Finally, we need to take in to account that the Performance Schema can be included or excluded from the server binary, using build time configuration options, with exposure in the compiling interface.

Performance Schema Interfaces

As mentioned above, PS can be excluded from code at the moment of the code compilation, thanks to the PS compile interface. This interface is one of seven that are present in PS. The full list is:

  • Instrument interface
  • Compiling interface
  • Server bootstrap interface
  • Server startup interface
  • Runtime configuration interface
  • Internal audit interface
  • Query interface
Instrument Interface:

This is the one that allows plugin implementers to add their instruments to PS. In general the interface is available for:

  • C implementations
  • C++ implementations
  • The core SQL layer (/sql)
  • The mysys library (/mysys)
  • MySQL plugins, including storage engines,
  • Third party plugins, including third party storage engines.
Compiling Interface:

As mentioned earlier, this is used during the build and will include or exclude PS code from the binaries.

Server Bootstrap Interface:

This is an internal private interface, which has the scope to provide access to the instructions demanded and create the tables for the PS itself.

Server Startup Interface:

This interface will expose options used with the mysqld command line or in the my.cnf, required to:

  • Enable or disable the performance schema.
  • Specify some sizing parameters.
Runtime Configuration Interface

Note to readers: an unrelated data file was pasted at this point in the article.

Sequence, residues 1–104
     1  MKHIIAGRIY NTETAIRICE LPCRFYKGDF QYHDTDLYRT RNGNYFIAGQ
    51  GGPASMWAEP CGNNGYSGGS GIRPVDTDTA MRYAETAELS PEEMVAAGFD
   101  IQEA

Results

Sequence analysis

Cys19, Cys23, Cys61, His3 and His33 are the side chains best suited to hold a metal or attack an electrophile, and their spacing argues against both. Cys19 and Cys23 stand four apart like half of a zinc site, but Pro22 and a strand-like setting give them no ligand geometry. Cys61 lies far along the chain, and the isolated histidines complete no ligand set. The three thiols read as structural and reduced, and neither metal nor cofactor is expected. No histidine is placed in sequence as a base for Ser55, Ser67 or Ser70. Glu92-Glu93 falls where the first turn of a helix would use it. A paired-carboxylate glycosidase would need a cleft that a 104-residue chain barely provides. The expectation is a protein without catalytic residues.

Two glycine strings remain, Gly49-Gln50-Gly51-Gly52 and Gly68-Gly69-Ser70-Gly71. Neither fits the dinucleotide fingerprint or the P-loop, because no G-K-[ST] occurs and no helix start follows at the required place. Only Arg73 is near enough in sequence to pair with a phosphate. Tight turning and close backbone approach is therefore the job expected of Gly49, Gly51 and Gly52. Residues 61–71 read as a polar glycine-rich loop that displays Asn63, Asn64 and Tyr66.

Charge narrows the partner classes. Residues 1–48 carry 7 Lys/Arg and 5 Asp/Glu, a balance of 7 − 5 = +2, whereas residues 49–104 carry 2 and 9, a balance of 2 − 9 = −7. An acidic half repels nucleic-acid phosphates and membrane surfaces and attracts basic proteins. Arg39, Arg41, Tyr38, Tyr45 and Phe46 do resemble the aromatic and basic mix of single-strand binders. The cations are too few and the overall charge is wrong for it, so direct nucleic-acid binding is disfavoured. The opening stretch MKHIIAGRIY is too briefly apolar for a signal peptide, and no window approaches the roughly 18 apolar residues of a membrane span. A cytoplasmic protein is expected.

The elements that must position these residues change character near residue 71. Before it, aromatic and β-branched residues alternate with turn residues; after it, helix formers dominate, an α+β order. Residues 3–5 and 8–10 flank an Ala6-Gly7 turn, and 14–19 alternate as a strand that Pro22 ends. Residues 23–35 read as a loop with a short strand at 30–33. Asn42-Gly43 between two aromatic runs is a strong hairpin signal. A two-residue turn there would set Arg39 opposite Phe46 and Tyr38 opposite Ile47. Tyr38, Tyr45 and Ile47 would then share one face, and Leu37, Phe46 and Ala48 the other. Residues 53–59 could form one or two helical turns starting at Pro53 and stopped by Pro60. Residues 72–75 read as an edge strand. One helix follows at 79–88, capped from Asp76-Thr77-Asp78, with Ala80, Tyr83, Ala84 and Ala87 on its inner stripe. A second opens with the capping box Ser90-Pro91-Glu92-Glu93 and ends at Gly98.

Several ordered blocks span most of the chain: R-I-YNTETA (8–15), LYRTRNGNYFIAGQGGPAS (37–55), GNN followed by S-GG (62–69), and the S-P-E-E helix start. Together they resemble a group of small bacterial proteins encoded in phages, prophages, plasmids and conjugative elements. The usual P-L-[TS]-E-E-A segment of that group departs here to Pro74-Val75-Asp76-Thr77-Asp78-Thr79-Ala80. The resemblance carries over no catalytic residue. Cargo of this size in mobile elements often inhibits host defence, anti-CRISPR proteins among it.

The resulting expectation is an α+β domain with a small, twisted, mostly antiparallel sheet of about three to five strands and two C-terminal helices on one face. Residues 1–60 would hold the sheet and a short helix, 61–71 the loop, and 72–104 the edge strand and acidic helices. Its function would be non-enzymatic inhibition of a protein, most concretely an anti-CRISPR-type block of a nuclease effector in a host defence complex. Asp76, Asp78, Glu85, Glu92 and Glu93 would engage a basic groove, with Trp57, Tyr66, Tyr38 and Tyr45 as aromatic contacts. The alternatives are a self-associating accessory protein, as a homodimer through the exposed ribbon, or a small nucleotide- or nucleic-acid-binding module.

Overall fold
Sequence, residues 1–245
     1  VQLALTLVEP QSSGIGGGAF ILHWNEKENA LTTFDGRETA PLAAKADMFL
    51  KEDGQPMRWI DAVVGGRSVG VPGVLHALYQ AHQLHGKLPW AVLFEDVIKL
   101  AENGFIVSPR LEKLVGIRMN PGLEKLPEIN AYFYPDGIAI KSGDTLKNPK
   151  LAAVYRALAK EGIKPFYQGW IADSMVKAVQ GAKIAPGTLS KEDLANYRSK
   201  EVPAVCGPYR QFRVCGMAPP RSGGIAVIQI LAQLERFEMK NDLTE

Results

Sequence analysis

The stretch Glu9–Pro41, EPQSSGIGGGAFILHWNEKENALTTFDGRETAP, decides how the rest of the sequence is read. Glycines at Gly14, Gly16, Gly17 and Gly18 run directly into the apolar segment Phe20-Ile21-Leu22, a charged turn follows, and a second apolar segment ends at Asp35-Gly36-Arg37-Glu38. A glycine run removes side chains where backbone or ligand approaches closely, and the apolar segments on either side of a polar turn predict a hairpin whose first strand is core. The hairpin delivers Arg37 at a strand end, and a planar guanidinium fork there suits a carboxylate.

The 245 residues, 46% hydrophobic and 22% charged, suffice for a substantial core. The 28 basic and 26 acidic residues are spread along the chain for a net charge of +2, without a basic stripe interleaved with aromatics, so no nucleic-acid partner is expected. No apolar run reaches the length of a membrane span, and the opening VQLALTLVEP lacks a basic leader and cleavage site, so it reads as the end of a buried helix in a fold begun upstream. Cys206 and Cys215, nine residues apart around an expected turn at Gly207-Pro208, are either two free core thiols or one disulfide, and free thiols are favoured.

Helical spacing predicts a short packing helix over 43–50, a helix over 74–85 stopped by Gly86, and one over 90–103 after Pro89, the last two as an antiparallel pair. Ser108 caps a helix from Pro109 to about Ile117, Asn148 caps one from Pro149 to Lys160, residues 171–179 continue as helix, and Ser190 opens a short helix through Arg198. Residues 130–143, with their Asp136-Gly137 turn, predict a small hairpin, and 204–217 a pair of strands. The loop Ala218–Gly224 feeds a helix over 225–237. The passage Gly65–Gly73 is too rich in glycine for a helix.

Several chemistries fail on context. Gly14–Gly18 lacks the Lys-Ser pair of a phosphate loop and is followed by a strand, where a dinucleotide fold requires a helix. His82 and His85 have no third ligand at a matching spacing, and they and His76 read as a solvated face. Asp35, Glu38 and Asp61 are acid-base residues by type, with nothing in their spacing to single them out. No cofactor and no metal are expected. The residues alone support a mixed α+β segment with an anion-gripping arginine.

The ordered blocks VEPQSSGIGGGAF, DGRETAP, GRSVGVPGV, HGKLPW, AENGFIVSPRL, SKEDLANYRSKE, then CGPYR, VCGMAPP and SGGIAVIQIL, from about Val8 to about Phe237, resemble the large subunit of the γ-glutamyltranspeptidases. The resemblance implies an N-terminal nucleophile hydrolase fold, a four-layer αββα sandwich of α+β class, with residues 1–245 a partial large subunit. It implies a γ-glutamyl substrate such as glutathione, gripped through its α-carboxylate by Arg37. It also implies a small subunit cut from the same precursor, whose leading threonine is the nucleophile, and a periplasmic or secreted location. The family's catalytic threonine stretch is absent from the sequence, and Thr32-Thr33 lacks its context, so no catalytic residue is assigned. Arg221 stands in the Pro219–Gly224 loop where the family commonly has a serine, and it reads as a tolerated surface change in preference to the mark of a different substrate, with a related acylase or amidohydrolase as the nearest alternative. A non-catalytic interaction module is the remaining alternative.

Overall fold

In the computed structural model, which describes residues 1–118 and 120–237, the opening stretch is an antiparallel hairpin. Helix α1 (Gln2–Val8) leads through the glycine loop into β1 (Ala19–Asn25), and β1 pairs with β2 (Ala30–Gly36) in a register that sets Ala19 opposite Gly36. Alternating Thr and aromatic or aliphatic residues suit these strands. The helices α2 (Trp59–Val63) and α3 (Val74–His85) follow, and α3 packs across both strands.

This is one of the two most important interfaces for DBAs and SAs. It will allow the configuration of the PS at runtime. Using the methods expose by this interface, we will be able to configure what instruments, consumers, users and more we want to have active. This interface uses standard SQL and is very easy to access and use. Also, it is the preferred method to activate or deactivate instruments. Thus, when we start the server we should always enable the PS with all the instruments and consumers deactivated, and use this interface to choose only the ones we are interested in.

Internal Audit Interface:

The internal audit interface is provided to the DBA to inspect if the Performance Schema code itself is functioning properly. This interface is necessary because a failure caused while instrumenting code in the server should not cause failures in the MySQL server itself, and in turn the performance schema implementation never raises errors during runtime execution. To access the information a DBA just needs to issue the SHOW ENGINE PERFORMANCE SCHEMA STATUS; command.

Query Interface:

Lastly, this interface is the one that allows us to access the collected data, and to perform data filtering, grouping, join, etc. It will also allow access to a special table like the summary tables and digest, which will be discussed later on.